The Wanderer

As I walked through the wilderness of this world …

Why Easter makes me a Sabbatarian

with 5 comments

Responding to an article in which the author claimed that Easter prevents his being a Sabbatarian, Iain D. Campbell at Reformation21 responds graciously with a piece on precisely why Easter makes him hold to a Lord’s day, concluding:

This has become something of a test case for interpreters and theologians, but I still feel obliged to argue for the abiding moral authority of all ten commandments; our point of departure is that the law is ordained by God, and recast in a new form in the new covenant era, as the law is now engraved onto new hearts by God’s Spirit. After all, that is what the Old Testament anticipated in Jeremiah 31:33: ‘I will put my law within them, and I will write it on their hearts’.

It seems to me that the position that bests suits the biblical evidence is precisely that of the Westminster Confession of Faith, that the Sabbath of Sinai becomes the Lord’s Day of the resurrection, joyfully set apart by God’s people as their day of special witness and corporate worship. If we deregulate our time and make times of worship according to our own minds and consciences, we descend into the worst form of subjectivism and indiscipline in our Christian lives.

Christ deserves much more. He is our Lord. He is Lord of the Sabbath. He is Lord of all our days. Let us observe the rest he offers and the time for worship and devotion which he gives, that all our days shall be spent in happy service for him until he comes and brings the final Sabbath rest with him.

I am teaching through this topic in the church in Crawley at present, and – while I would doubtless have some slightly different nuances to Iain – I think we arrive at substantially the same place. Read all Iain’s brief piece here.

Written by Jeremy Walker

Tuesday 14 August 2012 at 15:15

Posted in Doxology

Tagged with

5 Responses

Subscribe to comments with RSS.

  1. The more I read this kind of thing the further I move away from it.

    Jonathan Hunt

    Tuesday 14 August 2012 at 15:42

    • Which kind of thing, and which it?

      Jeremy Walker

      Tuesday 14 August 2012 at 15:46

      • Sabbatarianism. IDC’s article is littered with straw men. For example, implying that Exodus 16 disproves what John was saying. But I’m on holiday and I shouldn’t be doing this…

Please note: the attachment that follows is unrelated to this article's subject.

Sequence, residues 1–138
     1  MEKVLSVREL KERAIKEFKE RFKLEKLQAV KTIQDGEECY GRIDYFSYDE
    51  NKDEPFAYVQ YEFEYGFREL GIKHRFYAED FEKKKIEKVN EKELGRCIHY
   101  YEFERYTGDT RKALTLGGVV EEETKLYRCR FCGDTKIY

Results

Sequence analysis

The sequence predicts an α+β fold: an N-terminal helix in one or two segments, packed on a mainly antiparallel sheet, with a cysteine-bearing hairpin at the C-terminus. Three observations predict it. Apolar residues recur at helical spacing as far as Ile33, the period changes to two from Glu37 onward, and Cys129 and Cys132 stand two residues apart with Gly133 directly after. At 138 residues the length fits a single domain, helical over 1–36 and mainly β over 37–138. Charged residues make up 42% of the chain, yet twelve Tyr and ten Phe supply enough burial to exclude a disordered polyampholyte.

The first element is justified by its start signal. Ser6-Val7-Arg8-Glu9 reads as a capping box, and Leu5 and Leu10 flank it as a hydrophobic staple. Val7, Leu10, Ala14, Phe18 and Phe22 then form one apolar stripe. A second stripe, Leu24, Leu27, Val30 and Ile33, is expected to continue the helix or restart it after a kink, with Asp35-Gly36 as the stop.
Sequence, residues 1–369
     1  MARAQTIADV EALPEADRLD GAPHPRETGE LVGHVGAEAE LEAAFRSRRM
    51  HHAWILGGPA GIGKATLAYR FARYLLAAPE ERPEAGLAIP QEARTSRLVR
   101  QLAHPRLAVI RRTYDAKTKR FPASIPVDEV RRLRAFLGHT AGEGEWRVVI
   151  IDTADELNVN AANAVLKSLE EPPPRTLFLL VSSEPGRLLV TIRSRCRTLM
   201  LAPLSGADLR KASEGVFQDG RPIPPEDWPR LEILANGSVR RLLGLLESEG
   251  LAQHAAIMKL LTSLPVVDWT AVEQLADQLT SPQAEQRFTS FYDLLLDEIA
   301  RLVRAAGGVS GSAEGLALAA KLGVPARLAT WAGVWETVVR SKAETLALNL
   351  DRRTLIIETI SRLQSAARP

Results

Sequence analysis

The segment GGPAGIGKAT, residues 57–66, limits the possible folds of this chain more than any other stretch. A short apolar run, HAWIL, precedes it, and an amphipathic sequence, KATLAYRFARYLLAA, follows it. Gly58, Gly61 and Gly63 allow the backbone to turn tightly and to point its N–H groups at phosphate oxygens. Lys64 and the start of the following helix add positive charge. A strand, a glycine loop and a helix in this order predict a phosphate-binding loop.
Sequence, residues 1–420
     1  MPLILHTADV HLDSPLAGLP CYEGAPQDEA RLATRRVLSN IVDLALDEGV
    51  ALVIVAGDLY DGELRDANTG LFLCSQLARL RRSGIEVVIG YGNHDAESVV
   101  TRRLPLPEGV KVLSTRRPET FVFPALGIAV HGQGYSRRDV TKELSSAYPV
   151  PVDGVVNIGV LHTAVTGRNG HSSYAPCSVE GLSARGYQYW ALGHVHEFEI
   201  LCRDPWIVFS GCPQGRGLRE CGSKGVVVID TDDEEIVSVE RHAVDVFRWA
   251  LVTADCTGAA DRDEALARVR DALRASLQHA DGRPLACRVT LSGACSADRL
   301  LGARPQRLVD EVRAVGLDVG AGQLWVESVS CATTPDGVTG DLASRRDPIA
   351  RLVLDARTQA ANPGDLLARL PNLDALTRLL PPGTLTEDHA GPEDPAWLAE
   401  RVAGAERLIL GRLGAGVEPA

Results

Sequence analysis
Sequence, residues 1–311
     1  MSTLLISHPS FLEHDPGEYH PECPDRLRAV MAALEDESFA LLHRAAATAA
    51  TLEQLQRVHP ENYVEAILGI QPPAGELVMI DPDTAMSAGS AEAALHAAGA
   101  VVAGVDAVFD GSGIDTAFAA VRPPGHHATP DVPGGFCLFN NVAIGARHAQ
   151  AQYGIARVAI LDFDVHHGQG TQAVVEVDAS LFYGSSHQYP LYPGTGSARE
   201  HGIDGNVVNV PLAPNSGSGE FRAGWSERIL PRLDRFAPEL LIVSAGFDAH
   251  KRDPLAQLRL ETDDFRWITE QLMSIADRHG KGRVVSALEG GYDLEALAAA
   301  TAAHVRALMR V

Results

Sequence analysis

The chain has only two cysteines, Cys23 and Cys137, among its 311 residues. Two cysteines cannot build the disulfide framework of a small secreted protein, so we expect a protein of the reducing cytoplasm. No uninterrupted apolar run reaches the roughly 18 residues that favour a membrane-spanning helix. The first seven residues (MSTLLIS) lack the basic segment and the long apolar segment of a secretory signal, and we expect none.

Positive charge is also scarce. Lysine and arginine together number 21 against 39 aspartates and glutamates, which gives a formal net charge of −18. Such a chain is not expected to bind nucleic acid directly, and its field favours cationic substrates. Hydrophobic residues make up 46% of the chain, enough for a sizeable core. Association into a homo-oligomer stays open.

Jonathan Hunt

        Tuesday 14 August 2012 at 15:54

        • Given that you’re on holiday, I won’t go on at length, except to say that the Exodus 16 passage is not irrelevant. The principle of a Sabbath rest was established at creation (given to man as man); Exodus 16 simply shows that this principle was indeed present and operative prior to the giving of the Ten Commandments at Sinai. It is part of the demonstration of the continuity and abiding relevance of the Sabbath principle (not a match to torch a straw man), which finds its New Covenant form in the Lord’s day. Anyway . . .

          Jeremy Walker

          Tuesday 14 August 2012 at 16:24

  2. It was preaching through Exodus which changed my mind. All Exodus 16 shows is that the Sabbath is given to Israel in Exodus 16. I know I’m signing my death warrant by daring to stick my head over the parapet but there you have it. I take exception to the London Baptist Confession on this point and just in case there are any nosy troublemakers out there reading this, my church was aware of that before I was called as Pastor. Now I promise to return to silence here in this Somerset cottage!

    Jonathan Hunt

    Tuesday 14 August 2012 at 22:05

By all means, consider chipping in . . .

Fill in your details below or click an icon to log in: Logo

You are commenting using your account. Log Out /  Change )

Google photo

You are commenting using your Google account. Log Out /  Change )

Twitter picture

You are commenting using your Twitter account. Log Out /  Change )

Facebook photo

You are commenting using your Facebook account. Log Out /  Change )

Connecting to %s

%d bloggers like this: